Update: Education Debate About More Spending, Better Economy

By Don Davis

A debate about education funding goes beyond helping individual students: There is widespread agreement that a better education system would help the economy.

However, there is less agreement about how to achieve those improvements.

Rep. Paul Marquart, DFL-Dilworth, tied the economy and education together Tuesday as the Minnesota House voted 83-50 to approve a $15.7 billion, two-year funding bill for schools. Many Republicans opposed the bill, saying it would place too many mandates on schools and remove a state law requiring students to pass a test before graduating.

Much of the $550 million of increased spending would go to early-childhood education, including all-day kindergarten, a concept that Marquart said is the basis of improving Minnesotans’ education.

“We are going to get every single child to the starting line on time,” said Marquart, House education finance chairman.

Education does not end there, he said. “When our students leave high school, on Day 1 they will be ready for success.”

Marquart, whose bill picked up some Republican votes but mostly was backed by Democrats, said the vote was for historic education finance reform. “No ambition is too bold, no goal is too high.”

The chairman quoted Federal Reserve officials as saying the Minnesota economy could get a $5 billion-a-year boost if what he sees as a more effective education system is implemented. And, he said, the early years are when to start strong education practices.

“Economically speaking, early childhood programs are a good investment …” Fed Chairman Ben Bernanke said in a speech last year. “Studies show that the rest of society enjoys the majority of the benefits, reflecting the many contributions that skilled and productive workers make to the economy.”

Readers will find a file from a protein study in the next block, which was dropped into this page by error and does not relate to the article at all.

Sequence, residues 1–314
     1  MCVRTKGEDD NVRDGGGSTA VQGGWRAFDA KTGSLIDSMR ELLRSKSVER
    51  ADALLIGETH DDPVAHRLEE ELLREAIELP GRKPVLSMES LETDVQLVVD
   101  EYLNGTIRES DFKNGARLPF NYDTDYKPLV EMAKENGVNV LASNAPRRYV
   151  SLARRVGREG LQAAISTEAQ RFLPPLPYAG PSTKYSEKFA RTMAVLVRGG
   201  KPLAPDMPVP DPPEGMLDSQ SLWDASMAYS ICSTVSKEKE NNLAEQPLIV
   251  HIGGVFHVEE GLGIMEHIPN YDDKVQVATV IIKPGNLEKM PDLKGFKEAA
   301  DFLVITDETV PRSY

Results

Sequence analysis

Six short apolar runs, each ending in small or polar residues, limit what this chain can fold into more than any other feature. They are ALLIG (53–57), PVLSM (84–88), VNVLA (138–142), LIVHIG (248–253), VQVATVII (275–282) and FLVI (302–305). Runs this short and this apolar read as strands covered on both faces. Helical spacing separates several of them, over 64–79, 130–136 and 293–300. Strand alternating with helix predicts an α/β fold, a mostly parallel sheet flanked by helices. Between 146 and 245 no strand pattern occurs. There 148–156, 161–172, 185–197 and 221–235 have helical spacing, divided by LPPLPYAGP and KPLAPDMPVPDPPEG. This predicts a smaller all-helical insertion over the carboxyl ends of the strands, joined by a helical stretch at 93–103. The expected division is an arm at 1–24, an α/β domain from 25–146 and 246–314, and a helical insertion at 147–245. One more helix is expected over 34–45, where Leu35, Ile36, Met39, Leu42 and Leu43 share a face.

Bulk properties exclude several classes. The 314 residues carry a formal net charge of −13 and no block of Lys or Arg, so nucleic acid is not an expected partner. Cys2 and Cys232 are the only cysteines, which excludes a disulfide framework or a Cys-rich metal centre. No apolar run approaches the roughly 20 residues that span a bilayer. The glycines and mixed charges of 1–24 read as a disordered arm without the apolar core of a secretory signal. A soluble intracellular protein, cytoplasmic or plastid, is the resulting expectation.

A coalition of Minnesota businesses agrees with Marquart and Bernanke that early-childhood education is important for the economy, but has taken to the airwaves fighting the House bill’s provision overturning the graduation test.

Coalition leader Charlie Weaver called the Marquart plan “the elimination of state expectations for student achievement on the state’s reading, writing and math standards to earn a high school diploma.”

Added Rep. Sondra Erickson, R-Princeton: “I think we are dumbing down the diploma.”

Among the major goals Marquart laid out is to make sure every student graduates from high school by 2027.

Minnesota schools carry a 76 percent graduation rate, the chairman said. The Marquart plan would require school districts to prepare plans with a goal of graduating every student.

The state would check progress districts make to graduate all students, have all students reading by third grade and see better achievements for minorities. If a district fails three straight years, the state could take over school administration.

Marquart said the current graduation test is not working, citing a large number of college students who need to take remedial classes.

His bill would require school districts to begin in middle school preparing students for college or a job by the time they finish high school.

The House bill provides enough money for every school district that wishes to establish all-day kindergarten with state funds.

However, Rep. Dean Urdahl, R-Grove City, said some districts do not have the room for all-day kindergarten, so they would be left out.

Overall, Rep. Kelby Woodard, R-Belle Plaine, was not happy with the House bill, saying it includes too many mandates. “We need to stop acting as the state school board.”

Erickson said the bill makes the Minnesota Education Department a “command and control center.”

Education spending, the largest single part of the Minnesota budget, would rise $550 million in the next two years under the House Democratic plan.

Among items in the House bill are those:

— Increasing per-pupil payments to school districts by $209, which is 2 percent more in the school funding formula each of the next two years.

— Adding $50 million to various early-childhood programs.

— Taking steps to close the gap between districts that have high revenue and those with less revenue potential.

— Preventing schools from firing a coach purely on parental complaints.